Date of Completion


Embargo Period



creativity, innovation, writing, composition, rhetoric, pedagogy, materiality, sociality, extratextuality, error

Major Advisor

Thomas Deans

Associate Advisor

Brenda Brueggemann

Associate Advisor

Dwight Codr

Associate Advisor

Christopher Vials

Field of Study



Doctor of Philosophy

Open Access

Open Access


Creativity, innovation, disruption, and other such concepts have become central to much scholarly and popular literature on economics, entrepreneurship, and management. Other influential discourses—psychology, urban design, and higher education policy—have followed suit, taking a similar interest in these concepts. As a result, creativity has ascended to the status of something like a core cultural value—ubiquitous, always referred to positively, but frequently stripped of any specific meaning, or else understood in narrowly individualist and economic terms. With signs of “creativity creep” now appearing in composition studies, my dissertation examines other disciplines’ scholarship on creativity and related concepts and considers how creativity might function usefully and ethically in composition studies. I find that, under close scrutiny, individualist and economic views of creativity (like the artist in the garret or the technocrat in the garage) fail to pass muster; they don’t do justice to the complexity of creative processes and productions. In reality, creativity—especially in writing—always involves collaborative, networked, highly socially and materially mediated processes of production, circulation, and reception.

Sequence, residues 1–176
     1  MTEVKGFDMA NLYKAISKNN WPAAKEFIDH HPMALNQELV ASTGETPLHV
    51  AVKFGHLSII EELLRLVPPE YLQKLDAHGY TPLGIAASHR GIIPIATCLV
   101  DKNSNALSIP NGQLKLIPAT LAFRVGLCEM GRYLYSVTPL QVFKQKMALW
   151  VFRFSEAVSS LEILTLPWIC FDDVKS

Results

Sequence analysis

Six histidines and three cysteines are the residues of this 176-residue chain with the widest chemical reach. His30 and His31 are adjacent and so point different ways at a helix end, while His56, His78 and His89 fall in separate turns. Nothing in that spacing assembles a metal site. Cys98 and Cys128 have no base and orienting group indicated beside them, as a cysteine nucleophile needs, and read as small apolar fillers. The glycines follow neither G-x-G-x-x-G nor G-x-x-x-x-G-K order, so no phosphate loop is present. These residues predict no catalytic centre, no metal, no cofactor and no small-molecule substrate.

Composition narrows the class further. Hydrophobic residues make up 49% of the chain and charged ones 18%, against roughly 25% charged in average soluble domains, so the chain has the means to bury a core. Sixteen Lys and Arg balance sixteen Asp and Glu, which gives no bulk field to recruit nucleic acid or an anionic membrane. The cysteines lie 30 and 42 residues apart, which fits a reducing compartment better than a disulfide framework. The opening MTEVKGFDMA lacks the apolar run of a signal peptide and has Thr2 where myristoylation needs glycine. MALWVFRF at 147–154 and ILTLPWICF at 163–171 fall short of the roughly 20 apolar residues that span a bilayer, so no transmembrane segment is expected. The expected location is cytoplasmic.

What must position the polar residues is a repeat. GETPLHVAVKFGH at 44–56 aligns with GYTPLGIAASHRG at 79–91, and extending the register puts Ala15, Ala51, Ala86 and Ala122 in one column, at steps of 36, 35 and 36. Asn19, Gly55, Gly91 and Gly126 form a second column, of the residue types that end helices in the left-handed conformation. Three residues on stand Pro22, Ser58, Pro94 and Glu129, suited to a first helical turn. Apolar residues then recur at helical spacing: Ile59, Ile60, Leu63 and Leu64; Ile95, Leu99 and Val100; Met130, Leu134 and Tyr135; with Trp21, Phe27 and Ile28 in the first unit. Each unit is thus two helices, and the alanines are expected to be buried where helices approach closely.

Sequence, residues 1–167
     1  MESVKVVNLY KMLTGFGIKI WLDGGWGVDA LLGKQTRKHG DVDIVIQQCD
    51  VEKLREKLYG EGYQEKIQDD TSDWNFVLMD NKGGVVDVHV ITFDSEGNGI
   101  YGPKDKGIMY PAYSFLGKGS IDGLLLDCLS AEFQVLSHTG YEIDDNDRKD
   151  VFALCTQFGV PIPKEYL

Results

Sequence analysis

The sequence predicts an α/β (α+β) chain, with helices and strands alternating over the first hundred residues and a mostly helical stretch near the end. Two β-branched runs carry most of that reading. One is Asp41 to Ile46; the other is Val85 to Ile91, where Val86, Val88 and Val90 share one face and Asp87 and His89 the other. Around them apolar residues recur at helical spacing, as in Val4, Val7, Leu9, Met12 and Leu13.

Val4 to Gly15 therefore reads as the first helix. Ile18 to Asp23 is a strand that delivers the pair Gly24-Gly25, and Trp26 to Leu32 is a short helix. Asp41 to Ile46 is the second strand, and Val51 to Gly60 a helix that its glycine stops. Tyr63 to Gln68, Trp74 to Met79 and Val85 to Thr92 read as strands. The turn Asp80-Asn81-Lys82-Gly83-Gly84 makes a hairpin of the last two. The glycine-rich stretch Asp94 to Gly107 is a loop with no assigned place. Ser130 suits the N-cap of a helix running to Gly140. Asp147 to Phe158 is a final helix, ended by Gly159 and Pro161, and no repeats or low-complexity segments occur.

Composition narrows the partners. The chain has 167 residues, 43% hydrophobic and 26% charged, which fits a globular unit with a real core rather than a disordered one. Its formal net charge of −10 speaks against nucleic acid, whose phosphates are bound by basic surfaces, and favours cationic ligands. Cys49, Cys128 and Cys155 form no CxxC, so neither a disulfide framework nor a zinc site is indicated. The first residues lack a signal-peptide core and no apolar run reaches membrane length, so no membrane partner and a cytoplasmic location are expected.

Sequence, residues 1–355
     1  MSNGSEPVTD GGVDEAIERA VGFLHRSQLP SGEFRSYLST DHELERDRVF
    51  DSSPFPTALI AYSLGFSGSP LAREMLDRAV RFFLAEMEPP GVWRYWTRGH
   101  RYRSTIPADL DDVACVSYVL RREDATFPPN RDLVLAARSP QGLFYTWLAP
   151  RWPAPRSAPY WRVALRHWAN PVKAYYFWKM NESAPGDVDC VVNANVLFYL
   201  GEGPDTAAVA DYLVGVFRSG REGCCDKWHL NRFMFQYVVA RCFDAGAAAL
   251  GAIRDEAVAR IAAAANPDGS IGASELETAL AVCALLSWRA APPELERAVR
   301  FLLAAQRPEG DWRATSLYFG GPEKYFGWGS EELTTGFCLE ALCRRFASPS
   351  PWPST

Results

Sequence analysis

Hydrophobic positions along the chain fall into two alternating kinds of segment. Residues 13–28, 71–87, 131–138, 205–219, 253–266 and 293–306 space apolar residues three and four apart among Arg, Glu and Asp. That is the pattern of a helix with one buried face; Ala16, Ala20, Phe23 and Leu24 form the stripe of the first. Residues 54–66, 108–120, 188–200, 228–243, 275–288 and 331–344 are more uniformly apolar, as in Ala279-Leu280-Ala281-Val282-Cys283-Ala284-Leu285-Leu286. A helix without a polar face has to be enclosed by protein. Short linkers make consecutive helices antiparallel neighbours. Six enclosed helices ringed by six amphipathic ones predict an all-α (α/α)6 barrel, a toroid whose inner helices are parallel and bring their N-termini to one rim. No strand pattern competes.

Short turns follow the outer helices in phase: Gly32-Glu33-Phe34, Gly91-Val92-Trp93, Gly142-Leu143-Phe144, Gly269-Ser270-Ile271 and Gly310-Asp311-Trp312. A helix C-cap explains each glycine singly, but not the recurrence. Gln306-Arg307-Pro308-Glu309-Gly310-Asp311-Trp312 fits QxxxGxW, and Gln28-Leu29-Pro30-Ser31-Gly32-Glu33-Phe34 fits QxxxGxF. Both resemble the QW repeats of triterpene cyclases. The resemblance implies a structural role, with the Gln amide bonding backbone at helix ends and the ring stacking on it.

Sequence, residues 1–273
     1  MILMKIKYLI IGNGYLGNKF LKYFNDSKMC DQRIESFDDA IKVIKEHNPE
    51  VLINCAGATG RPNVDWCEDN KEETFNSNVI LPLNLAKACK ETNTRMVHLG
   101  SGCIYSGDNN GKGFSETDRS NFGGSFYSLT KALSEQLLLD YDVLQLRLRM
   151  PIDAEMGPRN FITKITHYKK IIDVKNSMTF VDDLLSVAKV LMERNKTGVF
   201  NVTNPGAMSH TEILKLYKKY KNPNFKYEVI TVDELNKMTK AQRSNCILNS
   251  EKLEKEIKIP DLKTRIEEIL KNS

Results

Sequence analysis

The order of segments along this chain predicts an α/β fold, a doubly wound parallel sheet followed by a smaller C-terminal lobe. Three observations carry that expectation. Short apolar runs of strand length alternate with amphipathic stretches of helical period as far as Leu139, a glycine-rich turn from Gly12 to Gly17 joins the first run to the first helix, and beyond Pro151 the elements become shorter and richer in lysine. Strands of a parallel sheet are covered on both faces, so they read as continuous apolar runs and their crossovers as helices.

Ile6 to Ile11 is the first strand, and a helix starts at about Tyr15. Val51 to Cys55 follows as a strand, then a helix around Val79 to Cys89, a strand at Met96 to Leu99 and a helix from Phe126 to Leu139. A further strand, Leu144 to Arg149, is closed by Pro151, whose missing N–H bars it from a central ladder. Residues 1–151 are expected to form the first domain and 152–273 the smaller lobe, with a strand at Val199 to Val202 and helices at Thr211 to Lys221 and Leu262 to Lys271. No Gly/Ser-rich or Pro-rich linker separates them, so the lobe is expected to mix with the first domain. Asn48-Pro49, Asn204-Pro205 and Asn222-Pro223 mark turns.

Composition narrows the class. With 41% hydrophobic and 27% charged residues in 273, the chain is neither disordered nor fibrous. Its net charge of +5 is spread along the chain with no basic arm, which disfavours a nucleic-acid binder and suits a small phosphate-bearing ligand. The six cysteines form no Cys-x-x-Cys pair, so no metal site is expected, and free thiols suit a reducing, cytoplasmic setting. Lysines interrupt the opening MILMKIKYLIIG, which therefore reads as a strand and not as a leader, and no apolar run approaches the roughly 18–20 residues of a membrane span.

Available for download on Tuesday, April 15, 2025